Menu includes panini sandwiches, hot specialty sandwiches and pizza for now, but a restaurant and bar adjacent to the market is scheduled to open in the fall.
When I heard last year that Vespucci’s was closing, I was sad.
I am a big fan of neighborhood stores where you can get a good, quick sandwich or a slice of pizza. Vespucci’s, on the corner of Danforth and Clark streets in Portland’s West End, had been such a place for a long time.
But luckily the new incarnation of Vespucci’s, Clark Street Deli & Market, is also a place where you can get a good sandwich. A really good sandwich, actually.
The place opened this summer, and the sandwich menu is more creative and upscale than most little corner stores. But the prices are still right, $7 or $8 for very big sandwiches.
You can tell the people running it are interested in good food. In fact the market is only part of their plan for Vespucci’s total transformation. The Clark Street Deli & Market’s website says that sometime this fall a bar and restaurant will also open on the property.
But for now, the sandwiches are reason enough to try this new market.
When I perused the online menu on a recent Tuesday before lunch, my eyes and stomach were immediately drawn to two. One was “The Parkside,” which is a panini with thin roast beef, tomatoes, melted cheddar cheese and horseradish mayo on a pressed crispy roll ($8).
But I was just a little more drawn to, on this particular day, “The East Ender.” It consists of fried chicken cutlets, ham, Swiss cheese, mayonnaise, lettuce and tomato on a large, toasted roll ($6 for a half, $8 for a whole).
The roll was more like a small loaf of bread in size, and also in its combination of chewy crust and a fluffy inside. The white meat chicken was very tender, in a batter that while not light, was not greasy either. The chicken was still hot from the fryer when I got my sandwich. The ham and Swiss cheese were of a better-than-average quality.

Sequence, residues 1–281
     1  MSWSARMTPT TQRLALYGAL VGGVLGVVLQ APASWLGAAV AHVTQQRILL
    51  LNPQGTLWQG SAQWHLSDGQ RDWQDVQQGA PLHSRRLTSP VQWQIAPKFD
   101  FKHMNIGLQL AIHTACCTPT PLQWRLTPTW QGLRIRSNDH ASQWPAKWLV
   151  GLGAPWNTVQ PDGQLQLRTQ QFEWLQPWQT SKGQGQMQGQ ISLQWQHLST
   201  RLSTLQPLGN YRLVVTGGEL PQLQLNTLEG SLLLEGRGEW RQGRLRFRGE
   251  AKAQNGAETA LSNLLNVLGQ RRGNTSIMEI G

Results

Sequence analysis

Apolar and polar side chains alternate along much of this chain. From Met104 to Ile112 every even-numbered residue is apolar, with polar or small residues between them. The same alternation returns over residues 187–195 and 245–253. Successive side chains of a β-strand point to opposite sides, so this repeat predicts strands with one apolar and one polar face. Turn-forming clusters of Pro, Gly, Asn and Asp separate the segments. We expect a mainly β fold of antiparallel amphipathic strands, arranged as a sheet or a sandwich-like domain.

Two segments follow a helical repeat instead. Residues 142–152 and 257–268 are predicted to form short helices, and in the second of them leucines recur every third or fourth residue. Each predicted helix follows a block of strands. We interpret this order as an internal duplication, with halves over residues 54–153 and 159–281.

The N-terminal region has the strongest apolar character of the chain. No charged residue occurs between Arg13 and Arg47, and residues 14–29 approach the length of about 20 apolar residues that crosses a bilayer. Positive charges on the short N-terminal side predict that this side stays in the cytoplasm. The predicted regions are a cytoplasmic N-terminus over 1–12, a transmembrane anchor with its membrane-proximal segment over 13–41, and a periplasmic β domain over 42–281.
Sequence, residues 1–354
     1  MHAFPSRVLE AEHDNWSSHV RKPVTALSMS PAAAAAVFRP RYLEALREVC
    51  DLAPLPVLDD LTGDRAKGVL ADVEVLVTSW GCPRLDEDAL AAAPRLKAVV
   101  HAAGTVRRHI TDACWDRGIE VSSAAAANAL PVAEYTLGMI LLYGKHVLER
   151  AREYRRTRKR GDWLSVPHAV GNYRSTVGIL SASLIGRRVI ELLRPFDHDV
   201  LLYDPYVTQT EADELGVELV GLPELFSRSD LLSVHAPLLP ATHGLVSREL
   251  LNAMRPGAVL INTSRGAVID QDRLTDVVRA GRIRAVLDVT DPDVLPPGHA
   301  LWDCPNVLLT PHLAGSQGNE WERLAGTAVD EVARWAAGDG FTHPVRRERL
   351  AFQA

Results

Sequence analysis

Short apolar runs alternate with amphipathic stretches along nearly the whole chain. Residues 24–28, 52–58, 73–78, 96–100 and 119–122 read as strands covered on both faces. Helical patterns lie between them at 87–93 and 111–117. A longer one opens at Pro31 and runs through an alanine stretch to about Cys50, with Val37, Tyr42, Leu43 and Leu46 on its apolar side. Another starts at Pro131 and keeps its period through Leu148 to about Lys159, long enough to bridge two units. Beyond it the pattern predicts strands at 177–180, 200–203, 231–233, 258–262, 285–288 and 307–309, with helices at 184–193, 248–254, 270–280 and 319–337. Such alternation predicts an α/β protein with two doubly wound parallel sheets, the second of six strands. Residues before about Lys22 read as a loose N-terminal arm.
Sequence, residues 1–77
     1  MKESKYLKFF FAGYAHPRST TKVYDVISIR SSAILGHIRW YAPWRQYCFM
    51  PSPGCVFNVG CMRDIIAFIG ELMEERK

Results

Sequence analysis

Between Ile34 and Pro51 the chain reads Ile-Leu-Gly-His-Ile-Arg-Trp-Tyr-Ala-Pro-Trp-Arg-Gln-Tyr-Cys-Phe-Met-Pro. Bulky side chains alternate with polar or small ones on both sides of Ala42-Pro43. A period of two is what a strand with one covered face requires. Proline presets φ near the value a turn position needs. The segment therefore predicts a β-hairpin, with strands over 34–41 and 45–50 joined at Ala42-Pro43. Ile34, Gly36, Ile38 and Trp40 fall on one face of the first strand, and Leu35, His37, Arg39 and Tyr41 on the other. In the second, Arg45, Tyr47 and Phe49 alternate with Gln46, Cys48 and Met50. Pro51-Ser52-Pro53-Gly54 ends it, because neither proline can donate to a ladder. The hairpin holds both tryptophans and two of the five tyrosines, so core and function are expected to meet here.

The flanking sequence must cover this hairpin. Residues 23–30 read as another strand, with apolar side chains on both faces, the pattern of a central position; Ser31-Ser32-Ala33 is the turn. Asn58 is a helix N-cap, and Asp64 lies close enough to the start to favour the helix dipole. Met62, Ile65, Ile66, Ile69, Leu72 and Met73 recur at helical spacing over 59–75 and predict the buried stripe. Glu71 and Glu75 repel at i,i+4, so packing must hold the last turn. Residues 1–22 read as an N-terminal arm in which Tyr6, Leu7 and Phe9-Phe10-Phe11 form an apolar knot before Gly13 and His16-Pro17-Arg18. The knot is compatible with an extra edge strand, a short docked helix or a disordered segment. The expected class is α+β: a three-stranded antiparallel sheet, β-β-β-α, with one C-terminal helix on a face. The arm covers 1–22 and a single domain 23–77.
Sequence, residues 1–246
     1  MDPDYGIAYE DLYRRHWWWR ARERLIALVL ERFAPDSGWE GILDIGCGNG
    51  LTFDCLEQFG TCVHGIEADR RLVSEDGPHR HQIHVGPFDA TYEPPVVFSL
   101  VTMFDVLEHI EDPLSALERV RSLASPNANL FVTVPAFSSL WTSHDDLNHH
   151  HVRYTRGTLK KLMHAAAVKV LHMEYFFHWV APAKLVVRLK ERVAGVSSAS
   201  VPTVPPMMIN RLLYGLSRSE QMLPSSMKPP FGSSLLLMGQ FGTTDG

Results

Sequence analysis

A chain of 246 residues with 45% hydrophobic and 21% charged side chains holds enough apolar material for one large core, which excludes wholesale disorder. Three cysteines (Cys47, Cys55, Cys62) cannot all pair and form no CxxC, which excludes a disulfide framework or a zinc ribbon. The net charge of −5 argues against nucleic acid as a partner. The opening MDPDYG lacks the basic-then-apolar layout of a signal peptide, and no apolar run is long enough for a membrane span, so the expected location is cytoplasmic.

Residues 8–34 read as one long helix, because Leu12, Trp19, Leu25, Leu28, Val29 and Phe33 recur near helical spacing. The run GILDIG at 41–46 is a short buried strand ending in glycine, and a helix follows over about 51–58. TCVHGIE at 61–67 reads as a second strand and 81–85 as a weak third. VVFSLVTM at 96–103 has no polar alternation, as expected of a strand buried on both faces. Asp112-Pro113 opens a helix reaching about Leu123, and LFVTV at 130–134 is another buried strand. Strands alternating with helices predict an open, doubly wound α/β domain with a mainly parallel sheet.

And I was happy that the mayonnaise was not slathered on in great quantity. This made for a fairly neat eating experience, as I ate sitting on a stone wall at Harbor View Memorial Park, overlooking the Casco Bay Bridge and just a short walk from the market.
Often, messy sandwiches have thwarted my efforts to have lunch away from a desk or table. But I’m happy to report that my “East Ender” stayed within its assigned roll.
The only slight drawback was that my order took 20 minutes. It actually wasn’t a drawback, since I ordered by phone, was told of the wait, and just did an extra errand on my way over. Since the market’s whole menu is online, it’s pretty easy to order ahead and get there when it’s ready.
I also bought a white chocolate and macadamia nut cookie for $1.25. They were made there, I was told, and I should have figured as much. Each one was as big as a small plate and most were not perfectly round. No two were exactly alike.
Because of the sandwich I had, I’d love to try others there and the menu certainly has enough items to tempt me back. There are nearly two dozen sandwiches listed, plus pizza, salads and breakfast items.
Some other sandwiches I’d like to try include: “The West Ender,” which is a roast beef sandwich with sliced onion, melted cheddar and barbecue sauce on a toasted roll; “The Stroudwater,” an open-face tuna melt with sliced red onions, pickles, tomatoes and melted Swiss cheese on toasted rye bread; and “The Peaks Island,” with shaved steak, melted cheese, peppers, onions and mushrooms on a toasted roll.
The sandwiches are generally $5 to $7 for a half and $6 to $9 for a whole. And the whole is big enough for two people. Or me.
I’d also like to go back to try the chicken Parmesan sandwich. I have an idea that it’s pretty good because the fried chicken cutlets in my “East Ender” were excellent, and chicken cutlets are essential to a good chicken Parmesan sandwich.
And in my mind, a good chicken Parm sandwich is a good measure of a corner store’s food philosophy.
A good chicken Parm sandwich says “We can take old-fashioned comfort/convenience food and do it really well.”
And none of us can ask any more than that of our corner store.
WHERE: 81 Clark St., Portland | 207-774-1996 | www.clarkstreetdeli.com
HOURS: 8 a.m. to 11 p.m. daily
PARKING: On street
WAIT: Twenty minutes for a phone order, which included fried chicken cutlets.
HANDICAPPED ACCESSIBLE: One step up from the street.